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Motor Industry's Contribution Towards Victory

10th September 1943
Page 20
Page 20, 10th September 1943 — Motor Industry's Contribution Towards Victory
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Which of the following most accurately describes the problem?

CPEAKING on September 2, Mr. OA. F. Palmer Phillips, President of the S.M.M.T., said : As the United Nations enter the fifth year of war, the, pledge of the motor industry of Great Britain to the Armed Forces is

'Production for Victory.' To fulfil this pledge, the industry employs a vast army of men and women whose skill and loyalty set an example to the world. But for the motor industry, Britain, in all probability, would not be where she is to-day. We might have gone the way of France if the industry had not been there to provide the Fighting Services with new equipment alter the 194C/ debacle."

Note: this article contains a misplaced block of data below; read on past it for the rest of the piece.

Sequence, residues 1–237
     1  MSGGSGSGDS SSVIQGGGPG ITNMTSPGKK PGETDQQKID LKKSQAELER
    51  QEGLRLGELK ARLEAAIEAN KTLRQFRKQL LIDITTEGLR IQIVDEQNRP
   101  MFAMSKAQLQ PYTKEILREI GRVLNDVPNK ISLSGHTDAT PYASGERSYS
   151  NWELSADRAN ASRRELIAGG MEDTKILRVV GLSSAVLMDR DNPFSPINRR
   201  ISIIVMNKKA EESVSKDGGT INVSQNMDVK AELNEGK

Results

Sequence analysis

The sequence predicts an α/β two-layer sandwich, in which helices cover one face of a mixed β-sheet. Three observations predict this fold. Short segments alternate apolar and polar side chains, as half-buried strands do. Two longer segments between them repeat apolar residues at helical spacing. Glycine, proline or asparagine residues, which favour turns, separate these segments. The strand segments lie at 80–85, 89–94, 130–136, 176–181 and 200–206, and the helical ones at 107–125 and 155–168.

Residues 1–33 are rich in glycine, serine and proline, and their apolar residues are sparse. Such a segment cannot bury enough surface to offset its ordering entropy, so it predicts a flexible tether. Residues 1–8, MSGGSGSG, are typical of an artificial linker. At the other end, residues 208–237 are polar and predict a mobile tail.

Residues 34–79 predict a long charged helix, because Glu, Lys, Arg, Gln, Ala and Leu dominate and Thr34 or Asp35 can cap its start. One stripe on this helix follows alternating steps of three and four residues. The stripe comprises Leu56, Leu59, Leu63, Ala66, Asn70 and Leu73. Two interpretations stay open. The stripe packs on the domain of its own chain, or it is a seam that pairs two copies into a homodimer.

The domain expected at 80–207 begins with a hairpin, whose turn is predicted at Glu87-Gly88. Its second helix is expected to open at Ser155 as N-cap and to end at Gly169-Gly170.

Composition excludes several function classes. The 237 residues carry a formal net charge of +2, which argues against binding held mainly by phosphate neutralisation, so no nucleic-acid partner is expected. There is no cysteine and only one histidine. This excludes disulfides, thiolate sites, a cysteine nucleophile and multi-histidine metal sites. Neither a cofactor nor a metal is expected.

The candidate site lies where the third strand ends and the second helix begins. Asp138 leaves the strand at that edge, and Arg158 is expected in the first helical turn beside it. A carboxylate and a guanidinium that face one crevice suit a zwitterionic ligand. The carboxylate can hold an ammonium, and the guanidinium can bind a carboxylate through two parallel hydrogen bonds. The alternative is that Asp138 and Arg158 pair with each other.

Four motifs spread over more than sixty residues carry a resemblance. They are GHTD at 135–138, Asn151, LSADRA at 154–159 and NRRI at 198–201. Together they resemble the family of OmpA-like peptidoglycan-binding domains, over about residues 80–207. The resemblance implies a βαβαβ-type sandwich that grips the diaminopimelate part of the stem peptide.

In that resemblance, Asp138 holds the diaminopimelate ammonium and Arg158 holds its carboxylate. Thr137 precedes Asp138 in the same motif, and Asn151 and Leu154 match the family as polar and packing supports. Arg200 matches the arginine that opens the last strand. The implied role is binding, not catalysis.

Mr. Palmer Phillips added that he was not claiming that Britain was

saved from disaster by itS motor industry alone. More factors than one had wrought. that singular salvation. Chief amongst them, beyond doubt, was the victory of tfi-e Royal Air Force in the Battle of Britain. The Army had made its contribution and its sacrifices, whilst, as ever, there was the Royal Navy.

Our position at the time of Dunkirk was such that the troops then in Britain were largely unarmed and without ammunition. We had only 46 Tanks, mostly obsolete. Only a production miracle could have saved the position, and the motor industry took a vital part in performing the kind of miracle required.

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